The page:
These classic two-seaters have a long pedigreed history dating back far before the 18th century when they were particularly popular. Today, the Settee is also called the love seat, and vice versa.
Why We Love It: Look no further than the Settee for seating that adds style and function to small spaces. Just know that these mini sofas come in myriad forms. You have Settees that nod to Cabriole sofas, except they have a straight back, and you also have armless versions that recall slipper chairs. No matter your pick, the Settee slips perfectly underneath windows, at the foot of a bed, or in an entry.
Photo by Marili Forastieri for One Kings Lane. Interior by Tricia Foley.
A staple in beach homes and coastal cottages, the Slipcovered sofa has come to embody barefoot bliss and relaxed living. If you're in the market for a family-friendly sofa that's all about longevity, this one's for you.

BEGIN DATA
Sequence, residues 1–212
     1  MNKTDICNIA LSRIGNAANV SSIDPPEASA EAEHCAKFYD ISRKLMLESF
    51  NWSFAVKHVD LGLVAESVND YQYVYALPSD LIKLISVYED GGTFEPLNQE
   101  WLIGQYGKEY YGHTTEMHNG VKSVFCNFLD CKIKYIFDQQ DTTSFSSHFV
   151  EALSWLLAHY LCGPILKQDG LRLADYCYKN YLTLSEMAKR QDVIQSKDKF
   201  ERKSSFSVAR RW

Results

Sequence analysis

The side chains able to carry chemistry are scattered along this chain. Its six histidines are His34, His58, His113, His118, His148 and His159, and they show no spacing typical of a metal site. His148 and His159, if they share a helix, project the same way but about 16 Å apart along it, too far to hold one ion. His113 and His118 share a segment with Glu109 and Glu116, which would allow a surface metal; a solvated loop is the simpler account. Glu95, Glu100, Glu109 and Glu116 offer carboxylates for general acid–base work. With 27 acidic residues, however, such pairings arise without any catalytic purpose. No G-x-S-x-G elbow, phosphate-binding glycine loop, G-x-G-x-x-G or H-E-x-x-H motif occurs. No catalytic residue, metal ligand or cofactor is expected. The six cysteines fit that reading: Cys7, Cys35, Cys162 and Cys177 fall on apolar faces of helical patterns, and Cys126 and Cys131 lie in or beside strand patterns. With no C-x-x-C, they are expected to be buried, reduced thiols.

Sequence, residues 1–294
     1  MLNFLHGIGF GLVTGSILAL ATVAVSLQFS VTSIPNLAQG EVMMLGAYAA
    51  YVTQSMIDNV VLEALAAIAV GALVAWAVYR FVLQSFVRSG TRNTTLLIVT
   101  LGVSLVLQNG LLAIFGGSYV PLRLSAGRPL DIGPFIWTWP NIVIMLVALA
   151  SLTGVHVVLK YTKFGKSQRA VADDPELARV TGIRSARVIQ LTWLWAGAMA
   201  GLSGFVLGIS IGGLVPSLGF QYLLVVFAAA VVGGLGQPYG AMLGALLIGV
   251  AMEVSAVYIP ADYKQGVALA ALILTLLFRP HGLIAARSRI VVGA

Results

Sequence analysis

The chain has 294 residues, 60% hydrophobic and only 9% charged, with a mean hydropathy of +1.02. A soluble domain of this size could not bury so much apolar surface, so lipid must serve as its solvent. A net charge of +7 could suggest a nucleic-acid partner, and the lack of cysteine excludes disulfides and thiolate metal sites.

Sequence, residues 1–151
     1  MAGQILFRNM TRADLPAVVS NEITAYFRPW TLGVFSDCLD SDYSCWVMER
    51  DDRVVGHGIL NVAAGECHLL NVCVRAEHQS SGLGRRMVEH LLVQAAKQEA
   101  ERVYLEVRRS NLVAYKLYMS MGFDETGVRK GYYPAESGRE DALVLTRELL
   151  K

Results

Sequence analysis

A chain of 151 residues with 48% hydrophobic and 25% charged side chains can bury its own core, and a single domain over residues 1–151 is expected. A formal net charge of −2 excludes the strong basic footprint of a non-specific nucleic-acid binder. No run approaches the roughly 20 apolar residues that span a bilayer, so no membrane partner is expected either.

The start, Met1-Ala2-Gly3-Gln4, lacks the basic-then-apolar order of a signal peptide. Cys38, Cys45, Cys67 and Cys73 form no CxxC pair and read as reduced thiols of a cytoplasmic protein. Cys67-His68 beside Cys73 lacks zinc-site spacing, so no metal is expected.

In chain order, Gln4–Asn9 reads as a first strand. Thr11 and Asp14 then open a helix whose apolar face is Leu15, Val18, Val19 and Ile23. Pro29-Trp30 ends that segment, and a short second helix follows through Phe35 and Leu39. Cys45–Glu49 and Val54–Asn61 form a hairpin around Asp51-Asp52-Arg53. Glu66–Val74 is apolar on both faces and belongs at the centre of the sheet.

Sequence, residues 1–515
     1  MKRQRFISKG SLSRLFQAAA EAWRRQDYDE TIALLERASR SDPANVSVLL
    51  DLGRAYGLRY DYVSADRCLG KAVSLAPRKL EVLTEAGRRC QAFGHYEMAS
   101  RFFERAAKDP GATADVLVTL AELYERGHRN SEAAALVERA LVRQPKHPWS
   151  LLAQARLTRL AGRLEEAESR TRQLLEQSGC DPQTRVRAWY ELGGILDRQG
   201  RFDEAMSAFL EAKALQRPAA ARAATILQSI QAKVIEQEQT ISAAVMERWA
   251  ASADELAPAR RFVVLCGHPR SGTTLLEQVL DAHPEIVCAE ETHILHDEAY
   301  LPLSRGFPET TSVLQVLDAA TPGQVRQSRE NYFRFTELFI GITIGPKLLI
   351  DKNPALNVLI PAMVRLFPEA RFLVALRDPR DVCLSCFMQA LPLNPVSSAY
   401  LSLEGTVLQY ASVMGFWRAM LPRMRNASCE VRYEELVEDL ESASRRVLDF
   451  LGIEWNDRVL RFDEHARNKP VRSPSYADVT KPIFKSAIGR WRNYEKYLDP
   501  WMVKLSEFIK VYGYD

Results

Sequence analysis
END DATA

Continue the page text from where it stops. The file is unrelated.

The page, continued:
Why We Love It: Who doesn't love a sofa that stays pristine for years to come? Removable and washable slipcovers came about as a means to protect upholstery from dirt, dust, and sweat stains during summer months. However, over the years, the Slipcovered sofa has established itself as a stylish seating option, thanks to the warm, lived-in vibe it lends spaces.
Photo by ©AlyssaRosenheck. Interior by Decorist Celebrity designer Jessica McCarthy.
While the sectional isn't exactly considered a sofa, it has just as many stylish options with many times the function to offer.
Why We Love It: The sectional is known for its generous scale, modular lines, and deep seats that render it the perfect family lounge piece. But they're equally sound as apartment seating, providing a cozy conversation spot that can accommodate big crowds. Many of today's sectionals also have Midcentury influences, be it metal bases or tapered legs, that give the pieces a serious design bent.